Another piece of advice she gives to startup founders is that they often make the mistake of not presenting a clear business model and traction data when pitching. Traction data is essential because it reflects whether the startup fits well with the firm’s investment thesis.

 

After handpicking a portfolio company, Chan will ask detailed questions about the profit motive and daily operations of the company for the founder to ponder when refining their business plan. Through her experience, she’s able to understand the founders’ mindsets and spark an effective brainstorming process to take the business to the next level.

 

“Most of the time, I found that my portfolio companies’ founders liked the questions I asked them. I have been a founder myself, so I can ask a lot of detailed questions that can provoke the founders to think,” she says. 

 

When working with portfolio companies, Chan’s objective is always to accelerate and inspire innovation, as Click Ventures seeks to invest in transformative businesses. Chan cites the notable example of Spotify, which pioneered music streaming around the world. She emphasizes the power of technology in reinventing old business processes and generating new waves in the industry. 

 

“They leveraged a streaming technology that just matured at that time, introducing the idea that you don’t need to download music anymore. So, in this case, they redefined a business model,” she adds.

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Nurturing the youth and the outsiders 

 

Having had the opportunity to experience all sides of the startup landscape, Chan is keen on inspiring corporates and budding entrepreneurs as a way to nurture the innovation sector. She frequently spoke at startup events, but felt more could be done to make knowledge-sharing more effective. 

 

“We have invitations to be speakers or judges at a lot of events, so we share our knowledge bit-by-bit, unorganized and scattered,” she says.

 

In 2019, Chan launched Click Academy, a platform that provides events, training, and workshops to those outside the startup ecosystem, thereby empowering them to make their entrepreneurial aspirations a reality. Participants don’t need to come from any particular background or even have a startup idea. They only need drive and curiosity.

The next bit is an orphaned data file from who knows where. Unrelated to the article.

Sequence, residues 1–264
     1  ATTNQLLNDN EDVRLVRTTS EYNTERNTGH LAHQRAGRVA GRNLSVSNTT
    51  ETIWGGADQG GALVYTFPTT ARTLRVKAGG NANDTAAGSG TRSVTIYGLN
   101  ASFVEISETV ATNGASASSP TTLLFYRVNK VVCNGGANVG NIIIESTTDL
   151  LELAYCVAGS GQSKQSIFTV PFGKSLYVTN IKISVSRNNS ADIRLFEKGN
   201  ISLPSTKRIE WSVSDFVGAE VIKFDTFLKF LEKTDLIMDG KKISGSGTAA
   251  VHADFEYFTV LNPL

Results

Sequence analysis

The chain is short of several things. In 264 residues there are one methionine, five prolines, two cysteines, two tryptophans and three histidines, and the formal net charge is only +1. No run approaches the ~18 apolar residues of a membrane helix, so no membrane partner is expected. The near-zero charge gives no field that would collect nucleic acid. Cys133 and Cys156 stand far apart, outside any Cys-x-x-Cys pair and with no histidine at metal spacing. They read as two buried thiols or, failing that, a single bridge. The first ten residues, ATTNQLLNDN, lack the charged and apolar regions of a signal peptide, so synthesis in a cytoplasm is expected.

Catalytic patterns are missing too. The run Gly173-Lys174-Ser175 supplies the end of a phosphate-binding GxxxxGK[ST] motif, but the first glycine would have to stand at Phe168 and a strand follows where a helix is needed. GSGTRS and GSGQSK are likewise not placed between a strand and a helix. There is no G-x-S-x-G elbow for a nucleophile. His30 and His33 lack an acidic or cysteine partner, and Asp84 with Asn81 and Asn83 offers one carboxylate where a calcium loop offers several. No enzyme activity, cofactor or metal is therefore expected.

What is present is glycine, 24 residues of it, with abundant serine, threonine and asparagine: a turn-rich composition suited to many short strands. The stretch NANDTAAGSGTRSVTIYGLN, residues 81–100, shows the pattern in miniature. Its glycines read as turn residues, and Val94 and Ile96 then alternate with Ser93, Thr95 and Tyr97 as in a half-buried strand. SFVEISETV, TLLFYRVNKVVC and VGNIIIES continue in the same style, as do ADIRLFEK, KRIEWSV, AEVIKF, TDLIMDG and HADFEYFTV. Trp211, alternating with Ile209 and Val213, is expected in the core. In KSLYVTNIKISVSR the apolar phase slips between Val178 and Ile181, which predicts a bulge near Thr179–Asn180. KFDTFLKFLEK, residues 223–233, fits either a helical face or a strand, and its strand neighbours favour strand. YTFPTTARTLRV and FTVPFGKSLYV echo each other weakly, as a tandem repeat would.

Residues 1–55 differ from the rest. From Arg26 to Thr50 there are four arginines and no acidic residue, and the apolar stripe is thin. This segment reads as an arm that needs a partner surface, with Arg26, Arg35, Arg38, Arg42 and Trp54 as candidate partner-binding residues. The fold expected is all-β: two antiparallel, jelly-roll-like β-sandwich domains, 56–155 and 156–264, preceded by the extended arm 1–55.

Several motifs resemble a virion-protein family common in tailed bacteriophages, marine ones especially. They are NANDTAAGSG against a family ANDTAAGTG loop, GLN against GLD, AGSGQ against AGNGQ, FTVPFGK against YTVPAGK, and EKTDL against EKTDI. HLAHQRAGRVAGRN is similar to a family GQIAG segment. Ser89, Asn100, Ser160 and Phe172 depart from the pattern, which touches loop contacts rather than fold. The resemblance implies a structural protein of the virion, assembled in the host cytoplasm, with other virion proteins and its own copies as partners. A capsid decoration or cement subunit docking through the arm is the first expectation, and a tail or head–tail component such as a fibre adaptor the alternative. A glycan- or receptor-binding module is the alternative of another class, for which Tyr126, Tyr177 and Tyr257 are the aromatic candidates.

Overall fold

She’s particularly passionate about inspiring the next generation, and says that young people who are interested in pursuing a career in VC should gain hands-on experience through internships. Click Ventures has partnered with Harvard University, London School of Economics, and several Hong Kong universities to connect students with these opportunities. She adds that working in startups is equally crucial to becoming a successful VC, as it gives you a comprehensive perspective and insight into what it means to be a founder. 

 

Chan, who was named by Nikkei Asian Review as one of the ‘Women to Watch in Asian Tech,’ is also an advocate for gender diversity in the startup ecosystem, believing that it’s fundamental to the industry’s overall success. 

 

“Since investors are from different countries and of different genders, sometimes diversity can provide you with different kinds of ideas, networks, and knowledge,” she adds.

 

When facing a male-dominated VC industry, Chan suggests that the support of like-minded female investors and founders will create the cohesion that’s needed to move it forward. In 2019, Click Ventures invested in Female Entrepreneurs Worldwide, an online-to-offline business platform that connects female entrepreneurs and elevates their business on a local and global level. It also invested in SoGal Ventures, a female-led VC firm targeting diverse founding teams.

 

In the competitive and unpredictable world of VC, Click Ventures has managed to stand out among the rest and achieve consistent results. The recipes for its success are Chan’s leadership and holistic insight into the innovation sector. Beyond her well-established career, she is making good use of her prominent influence in the industry, inspiring the younger generation and female investors to reach for their dreams. 

 

Jasmine is Jumpstart’s Editorial Assistant.